Mold Making Tutorial: Silicone Mold of Clay Sculpture

John Cannon of The Whimsical Gardens brought his clay sculpture to our facility to make a mold of the figure and then reproduce it in plastic on a rotational casting machine. The detailed sculpture is pictured below from different angles.

This article details the steps that we took throughout the mold making and casting process:

Step 1: Select a Mold Making Method & Mold Rubber
Step 2: Construct Mold Box & Prepare Sculpture
Step 3: Measure, Mix & Pour Silicone Mold Rubber
Step 4: Demold
Step 5: Cut the Mold
Step 6: Rotational Casting


Step 1: Select a Mold Making Method & Mold Rubber

Mold Making Method

For this sculpture, we select the “poured block mold” method.

Here are the reasons that we are eliminating other methods:

Brush-on Mold: We are concerned that air bubbles may form in the intricate details on the base of the sculpture. Also, brush-on molds tend to have thick and thin spots – thin spots end up being weak points in the mold.

Poured Blanket Mold: One of the steps in the poured blanket mold process is to form a layer of clay on top of the original model (review a poured blanket mold tutorial here). This step would most likely deform the clay original.

Based on the shape of the sculpture, we also know that the mold will require a cut in order to remove the original sculpture and subsequent castings.

Mold Rubber

For this particular project, we also know that we want to use a silicone mold rubber because it does not require release agent when casting polyurethane resin. Release agent can be difficult to apply in intricate areas and it may be difficult to remove from the casting. Residual release agent can prevent paint from sticking to castings.

Platinum-Cured vs. Tin-Cured Silicone Rubbers

Polytek silicone falls into two general categories: platinum-cured and tin-cured. Basic comparisons between the two options are in the table below:

Rubber Type Advantages Disadvantages Casting Materials Methods
Platinum-Cured Silicone Mold Rubbers
No shrink on cure, cured rubber has long storage life Liquid rubber can suffer from cure inhibition by some materials (e.g., sulfur clay, tin silicones, Bondo, some 3D-printed plastics, latex rubber). Most materials, especially resins, foams and some low-melt metals. Pour, Brush, Spray.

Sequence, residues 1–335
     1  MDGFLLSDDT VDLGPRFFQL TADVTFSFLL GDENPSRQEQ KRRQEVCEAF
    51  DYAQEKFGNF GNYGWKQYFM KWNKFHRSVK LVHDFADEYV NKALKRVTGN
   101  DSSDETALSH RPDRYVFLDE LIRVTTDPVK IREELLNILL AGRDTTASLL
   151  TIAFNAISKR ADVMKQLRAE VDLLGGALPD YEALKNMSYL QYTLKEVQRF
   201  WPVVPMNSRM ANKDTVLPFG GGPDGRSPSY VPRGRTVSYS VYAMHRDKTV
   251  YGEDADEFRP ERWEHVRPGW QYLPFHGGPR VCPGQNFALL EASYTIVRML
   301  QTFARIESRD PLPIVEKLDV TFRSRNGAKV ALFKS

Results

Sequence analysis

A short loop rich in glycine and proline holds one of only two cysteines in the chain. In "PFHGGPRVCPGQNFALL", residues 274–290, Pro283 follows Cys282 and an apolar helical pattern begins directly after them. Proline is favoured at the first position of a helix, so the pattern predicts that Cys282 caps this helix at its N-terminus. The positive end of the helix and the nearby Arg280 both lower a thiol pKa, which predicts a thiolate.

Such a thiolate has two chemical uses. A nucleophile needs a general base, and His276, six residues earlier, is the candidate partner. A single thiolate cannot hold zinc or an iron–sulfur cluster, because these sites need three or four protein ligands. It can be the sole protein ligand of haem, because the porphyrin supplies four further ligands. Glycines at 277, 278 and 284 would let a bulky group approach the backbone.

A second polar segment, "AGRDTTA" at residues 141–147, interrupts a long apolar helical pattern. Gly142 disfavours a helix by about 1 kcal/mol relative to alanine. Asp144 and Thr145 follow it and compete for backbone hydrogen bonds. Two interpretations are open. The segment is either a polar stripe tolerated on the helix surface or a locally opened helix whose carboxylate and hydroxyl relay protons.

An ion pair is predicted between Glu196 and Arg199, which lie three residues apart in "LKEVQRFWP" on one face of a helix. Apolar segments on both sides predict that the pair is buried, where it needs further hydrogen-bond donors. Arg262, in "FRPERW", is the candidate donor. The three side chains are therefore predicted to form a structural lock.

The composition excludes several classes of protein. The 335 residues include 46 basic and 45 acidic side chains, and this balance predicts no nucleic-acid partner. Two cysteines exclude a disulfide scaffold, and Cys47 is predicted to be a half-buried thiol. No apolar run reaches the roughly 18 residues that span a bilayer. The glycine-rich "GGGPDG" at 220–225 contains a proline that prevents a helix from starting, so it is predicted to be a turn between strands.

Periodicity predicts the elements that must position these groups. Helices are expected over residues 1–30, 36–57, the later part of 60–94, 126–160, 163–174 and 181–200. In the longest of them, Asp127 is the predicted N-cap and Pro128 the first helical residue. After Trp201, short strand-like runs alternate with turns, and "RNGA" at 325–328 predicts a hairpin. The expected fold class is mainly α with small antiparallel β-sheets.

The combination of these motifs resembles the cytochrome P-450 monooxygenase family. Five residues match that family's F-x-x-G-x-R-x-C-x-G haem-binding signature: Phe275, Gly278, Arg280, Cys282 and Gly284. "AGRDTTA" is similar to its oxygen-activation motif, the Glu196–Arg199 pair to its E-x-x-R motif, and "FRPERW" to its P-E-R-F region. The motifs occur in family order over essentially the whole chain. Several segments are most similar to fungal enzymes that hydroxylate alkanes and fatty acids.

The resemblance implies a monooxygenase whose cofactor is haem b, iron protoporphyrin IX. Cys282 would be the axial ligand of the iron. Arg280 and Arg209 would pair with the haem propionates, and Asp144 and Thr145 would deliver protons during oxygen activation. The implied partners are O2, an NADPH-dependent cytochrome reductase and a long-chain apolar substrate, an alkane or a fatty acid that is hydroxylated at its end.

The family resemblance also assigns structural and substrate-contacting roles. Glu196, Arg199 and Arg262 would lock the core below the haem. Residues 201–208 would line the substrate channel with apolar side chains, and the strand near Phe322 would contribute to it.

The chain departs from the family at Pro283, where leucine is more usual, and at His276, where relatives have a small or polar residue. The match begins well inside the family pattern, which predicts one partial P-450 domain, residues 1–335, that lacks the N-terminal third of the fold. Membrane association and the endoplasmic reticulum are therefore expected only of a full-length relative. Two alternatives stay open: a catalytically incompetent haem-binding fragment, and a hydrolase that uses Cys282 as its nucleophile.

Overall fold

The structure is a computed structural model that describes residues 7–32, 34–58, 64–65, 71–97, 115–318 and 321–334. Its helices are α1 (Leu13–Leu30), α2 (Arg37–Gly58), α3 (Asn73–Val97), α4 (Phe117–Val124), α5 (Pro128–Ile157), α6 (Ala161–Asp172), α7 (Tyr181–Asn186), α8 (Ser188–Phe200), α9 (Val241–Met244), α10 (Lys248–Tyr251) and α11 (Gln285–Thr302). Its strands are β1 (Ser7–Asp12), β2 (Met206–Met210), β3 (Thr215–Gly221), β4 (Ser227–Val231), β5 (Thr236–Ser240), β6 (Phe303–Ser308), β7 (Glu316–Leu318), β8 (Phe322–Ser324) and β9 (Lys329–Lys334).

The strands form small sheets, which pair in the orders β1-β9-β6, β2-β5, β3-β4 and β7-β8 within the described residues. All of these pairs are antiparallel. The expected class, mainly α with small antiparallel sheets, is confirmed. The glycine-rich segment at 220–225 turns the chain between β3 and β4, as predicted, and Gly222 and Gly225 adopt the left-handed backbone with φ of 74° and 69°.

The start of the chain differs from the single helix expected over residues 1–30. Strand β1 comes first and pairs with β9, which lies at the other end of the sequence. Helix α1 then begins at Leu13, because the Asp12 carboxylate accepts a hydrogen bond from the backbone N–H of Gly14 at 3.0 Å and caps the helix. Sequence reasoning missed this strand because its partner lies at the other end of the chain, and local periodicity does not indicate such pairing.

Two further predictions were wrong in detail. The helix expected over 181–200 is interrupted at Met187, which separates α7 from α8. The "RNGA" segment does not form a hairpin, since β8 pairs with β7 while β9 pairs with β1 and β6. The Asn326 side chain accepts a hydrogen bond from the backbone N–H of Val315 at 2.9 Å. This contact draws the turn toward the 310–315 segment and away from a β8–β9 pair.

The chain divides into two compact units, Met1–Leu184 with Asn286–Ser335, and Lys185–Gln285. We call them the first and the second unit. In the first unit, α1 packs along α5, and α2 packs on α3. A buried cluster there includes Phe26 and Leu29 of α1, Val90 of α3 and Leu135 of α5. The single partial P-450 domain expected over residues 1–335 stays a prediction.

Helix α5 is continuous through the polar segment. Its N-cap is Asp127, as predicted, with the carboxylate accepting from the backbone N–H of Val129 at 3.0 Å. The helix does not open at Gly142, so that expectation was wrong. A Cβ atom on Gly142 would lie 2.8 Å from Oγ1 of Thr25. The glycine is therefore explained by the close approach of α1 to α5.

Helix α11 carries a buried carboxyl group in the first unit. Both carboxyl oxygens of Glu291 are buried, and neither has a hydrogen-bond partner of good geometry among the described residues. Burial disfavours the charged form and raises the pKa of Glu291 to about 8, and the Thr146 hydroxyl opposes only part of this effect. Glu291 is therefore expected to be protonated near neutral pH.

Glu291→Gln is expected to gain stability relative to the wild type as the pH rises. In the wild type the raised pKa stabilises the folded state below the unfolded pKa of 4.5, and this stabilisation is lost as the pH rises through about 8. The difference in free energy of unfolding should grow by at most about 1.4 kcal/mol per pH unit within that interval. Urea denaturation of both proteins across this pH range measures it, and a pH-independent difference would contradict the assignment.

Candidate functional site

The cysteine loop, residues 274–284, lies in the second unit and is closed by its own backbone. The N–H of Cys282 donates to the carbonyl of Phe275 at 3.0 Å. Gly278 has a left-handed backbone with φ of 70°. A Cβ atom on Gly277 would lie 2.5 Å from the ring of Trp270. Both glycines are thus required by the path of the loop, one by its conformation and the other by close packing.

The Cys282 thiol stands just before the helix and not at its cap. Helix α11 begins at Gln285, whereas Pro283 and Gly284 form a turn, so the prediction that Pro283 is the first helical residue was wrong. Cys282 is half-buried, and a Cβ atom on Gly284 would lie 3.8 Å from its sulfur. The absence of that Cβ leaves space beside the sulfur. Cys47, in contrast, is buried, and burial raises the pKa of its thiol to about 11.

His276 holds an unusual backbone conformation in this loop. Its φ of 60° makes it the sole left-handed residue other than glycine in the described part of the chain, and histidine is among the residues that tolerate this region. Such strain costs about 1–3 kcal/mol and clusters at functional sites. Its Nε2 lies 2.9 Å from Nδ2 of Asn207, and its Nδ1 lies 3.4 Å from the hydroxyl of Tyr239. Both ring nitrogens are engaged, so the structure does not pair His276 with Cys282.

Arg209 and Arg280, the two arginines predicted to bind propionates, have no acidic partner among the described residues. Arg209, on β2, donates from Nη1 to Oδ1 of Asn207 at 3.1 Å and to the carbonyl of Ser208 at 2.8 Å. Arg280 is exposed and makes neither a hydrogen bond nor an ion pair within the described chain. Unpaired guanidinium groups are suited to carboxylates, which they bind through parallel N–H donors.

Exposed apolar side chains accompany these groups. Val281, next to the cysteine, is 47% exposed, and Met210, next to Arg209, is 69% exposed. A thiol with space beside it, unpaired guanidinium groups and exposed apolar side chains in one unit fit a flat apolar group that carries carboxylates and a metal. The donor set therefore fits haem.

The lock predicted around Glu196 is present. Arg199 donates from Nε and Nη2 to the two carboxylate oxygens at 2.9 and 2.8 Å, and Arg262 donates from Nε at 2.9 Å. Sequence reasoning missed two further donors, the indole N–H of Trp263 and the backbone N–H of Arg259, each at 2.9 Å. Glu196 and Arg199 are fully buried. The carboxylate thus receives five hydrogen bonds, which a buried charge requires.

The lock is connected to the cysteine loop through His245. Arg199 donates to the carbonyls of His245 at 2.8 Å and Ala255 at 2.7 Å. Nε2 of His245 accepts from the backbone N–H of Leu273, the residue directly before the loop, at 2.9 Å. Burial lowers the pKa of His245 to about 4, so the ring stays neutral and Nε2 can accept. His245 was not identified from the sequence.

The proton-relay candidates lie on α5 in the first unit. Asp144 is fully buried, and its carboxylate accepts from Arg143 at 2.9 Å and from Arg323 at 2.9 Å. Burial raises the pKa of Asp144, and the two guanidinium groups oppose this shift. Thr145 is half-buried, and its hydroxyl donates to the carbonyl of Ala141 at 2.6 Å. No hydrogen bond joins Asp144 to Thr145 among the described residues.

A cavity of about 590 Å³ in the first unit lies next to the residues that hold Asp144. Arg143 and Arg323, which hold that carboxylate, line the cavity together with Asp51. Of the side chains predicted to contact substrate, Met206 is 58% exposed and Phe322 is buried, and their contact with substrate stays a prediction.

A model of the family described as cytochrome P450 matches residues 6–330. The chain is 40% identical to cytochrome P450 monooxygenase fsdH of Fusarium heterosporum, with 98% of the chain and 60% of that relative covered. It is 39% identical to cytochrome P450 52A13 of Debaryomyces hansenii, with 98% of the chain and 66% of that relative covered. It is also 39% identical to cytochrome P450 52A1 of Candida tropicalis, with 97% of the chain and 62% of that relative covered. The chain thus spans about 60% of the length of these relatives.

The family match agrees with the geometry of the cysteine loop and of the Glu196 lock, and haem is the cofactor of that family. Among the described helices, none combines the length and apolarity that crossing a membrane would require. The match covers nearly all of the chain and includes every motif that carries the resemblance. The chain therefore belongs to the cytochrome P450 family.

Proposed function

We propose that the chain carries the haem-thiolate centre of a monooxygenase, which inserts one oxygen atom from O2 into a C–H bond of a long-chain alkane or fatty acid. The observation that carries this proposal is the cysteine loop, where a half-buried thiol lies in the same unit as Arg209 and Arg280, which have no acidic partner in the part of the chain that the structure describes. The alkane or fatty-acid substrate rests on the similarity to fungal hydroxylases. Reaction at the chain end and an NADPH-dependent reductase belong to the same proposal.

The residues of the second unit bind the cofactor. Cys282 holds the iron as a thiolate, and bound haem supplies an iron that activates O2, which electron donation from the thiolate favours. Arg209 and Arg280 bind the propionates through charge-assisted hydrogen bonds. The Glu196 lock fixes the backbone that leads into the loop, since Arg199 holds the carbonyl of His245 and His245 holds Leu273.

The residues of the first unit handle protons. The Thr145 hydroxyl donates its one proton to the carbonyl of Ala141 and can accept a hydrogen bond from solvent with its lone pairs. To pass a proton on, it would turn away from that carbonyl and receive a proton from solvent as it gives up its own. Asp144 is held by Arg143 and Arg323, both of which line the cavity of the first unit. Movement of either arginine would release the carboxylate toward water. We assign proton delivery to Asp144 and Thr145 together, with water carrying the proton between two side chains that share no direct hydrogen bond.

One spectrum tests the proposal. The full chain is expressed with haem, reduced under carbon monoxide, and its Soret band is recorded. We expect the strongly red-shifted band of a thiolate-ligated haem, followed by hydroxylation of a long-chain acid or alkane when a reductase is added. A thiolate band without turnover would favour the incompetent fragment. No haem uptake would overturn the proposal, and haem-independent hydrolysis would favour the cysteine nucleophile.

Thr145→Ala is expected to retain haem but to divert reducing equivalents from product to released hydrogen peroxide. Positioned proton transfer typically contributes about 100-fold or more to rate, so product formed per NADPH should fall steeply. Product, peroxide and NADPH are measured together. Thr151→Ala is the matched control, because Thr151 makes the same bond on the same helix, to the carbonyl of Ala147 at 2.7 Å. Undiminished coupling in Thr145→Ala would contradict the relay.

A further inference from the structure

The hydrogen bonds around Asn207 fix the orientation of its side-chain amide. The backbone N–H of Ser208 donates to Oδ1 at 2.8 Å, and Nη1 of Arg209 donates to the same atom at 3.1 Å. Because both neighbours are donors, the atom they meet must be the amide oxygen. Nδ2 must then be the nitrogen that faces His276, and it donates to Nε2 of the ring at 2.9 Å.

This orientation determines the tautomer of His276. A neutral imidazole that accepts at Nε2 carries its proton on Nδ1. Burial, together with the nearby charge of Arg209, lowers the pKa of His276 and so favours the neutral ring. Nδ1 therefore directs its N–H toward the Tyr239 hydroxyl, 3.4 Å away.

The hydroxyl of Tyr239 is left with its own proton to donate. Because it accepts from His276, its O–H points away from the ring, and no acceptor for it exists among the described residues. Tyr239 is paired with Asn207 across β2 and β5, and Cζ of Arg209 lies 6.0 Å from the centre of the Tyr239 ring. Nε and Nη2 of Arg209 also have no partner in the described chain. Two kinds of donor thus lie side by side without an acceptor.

Tin-Cured Silicone Mold Rubbers
No cure inhibition, slightly less expensive than platinum-cured systems Shrinks on cure (~1%), shorter library life (2-5 yrs.) than platinum-cured systems. Most materials, especially resins, foams and some low-melt metals. Can inhibit polyurethane rubber, platinum-cured silicone, and 14-Series Poly-Optic Resin castings. Pour, Brush, Spray.

Platinum-cured silicone rubbers have advantages compared to tin-cured silicone rubbers (e.g., no shrink on cure, longer library life), but can suffer from cure inhibition when exposed to certain materials. Sulfur, for instance, is a known inhibitor and is present in some modeling clays.

We are unsure if John’s sculpture contains sulfur, so we perform a small test cure.

To do the test, we mix and pour a fast-setting platinum silicone rubber (PlatSil® 71-10) into a clay containment area against a small section on the backside of the sculpture.







After 30 minutes, we remove the silicone rubber to determine if it has cured properly. We find that the rubber that touched the sculpture remained gummy while the sides of the rubber exposed to air and clay cured properly. This indicates that there is a contaminate within or on the clay that would prevent any platinum-cured silicone rubber from curing properly.


Based on these findings, we select a tin-cured silicone rubber as the mold material:  TinSil® 80-15 Silicone Rubber. We choose a soft silicone (Shore A15) due to the deep undercuts on the sculpture. A harder rubber could be more difficult to remove without damage.

TinSil 80-15 Silicone Mold Rubber
TinSil 80-15 Silicone Rubber: Specifications
Hardness: Shore A15
Mix Ratio: 1A:10B
Pour Time: 30 Minutes
Mixed Viscosity: 12,000 cP
Demold Time: 24 Hours
Cured Color: Peach
Specific Volume: 25.3 in³/lb

Step 2: Construct Mold Box & Prepare Sculpture

To begin, a plywood mold box is constructed at the proper dimensions (i.e., at least 1″ beyond the sculpture in all directions) and then sealed with petroleum jelly.

NOTE: It is a good idea to taper the inside of the mold box so the mold can be removed more easily when the mold box is turned upside-down.




Pol-Ease® 2500 Release Agent is then applied to the clay sculpture.

NOTE: Use Pol-Ease® 2300 if making a polyurethane rubber mold.




The mold box is placed around the prepared sculpture to verify that the dimensions are suitable.

Put Sculpture in Mold Box

We estimate the amount of rubber needed for the mold with the following calculation:

Volume of Mold Box = ~1,716 in3

Volume of Sculpture = ~84.78 in3

Volume of Mold Box – Volume of Sculpture:  1,716in– 84.78 in3 = 1,631.22 in3

1,631.22 in3 ÷ 23.7 in3/lb (specific volume of TinSil 80-15) = 68.8 lb of TinSil 80-15 Silicone Rubber

Mold Rubber Calculation

68.8 lb is a large amount of rubber and we realize that there is opportunity to reduce that amount by adding corner inserts and other block-outs.

Add Block-Outs to Mold Box-01

We add a number of block-outs, but still maintain at least a 1″ space between the sculpture and mold box walls/block-outs.


Once all of the block-outs are secured, the mold box is removed to seal the new plywood additions with petroleum jelly and caulk all edges with warmed plasticine clay. Caulking the edges helps to prevent leaking when liquid silicone is poured into the mold box later.

Warmed Plasticine Clay
Seal Edges with Plasticine Clay

The sculpture is placed back into the mold box and then the mold box is secured with screws.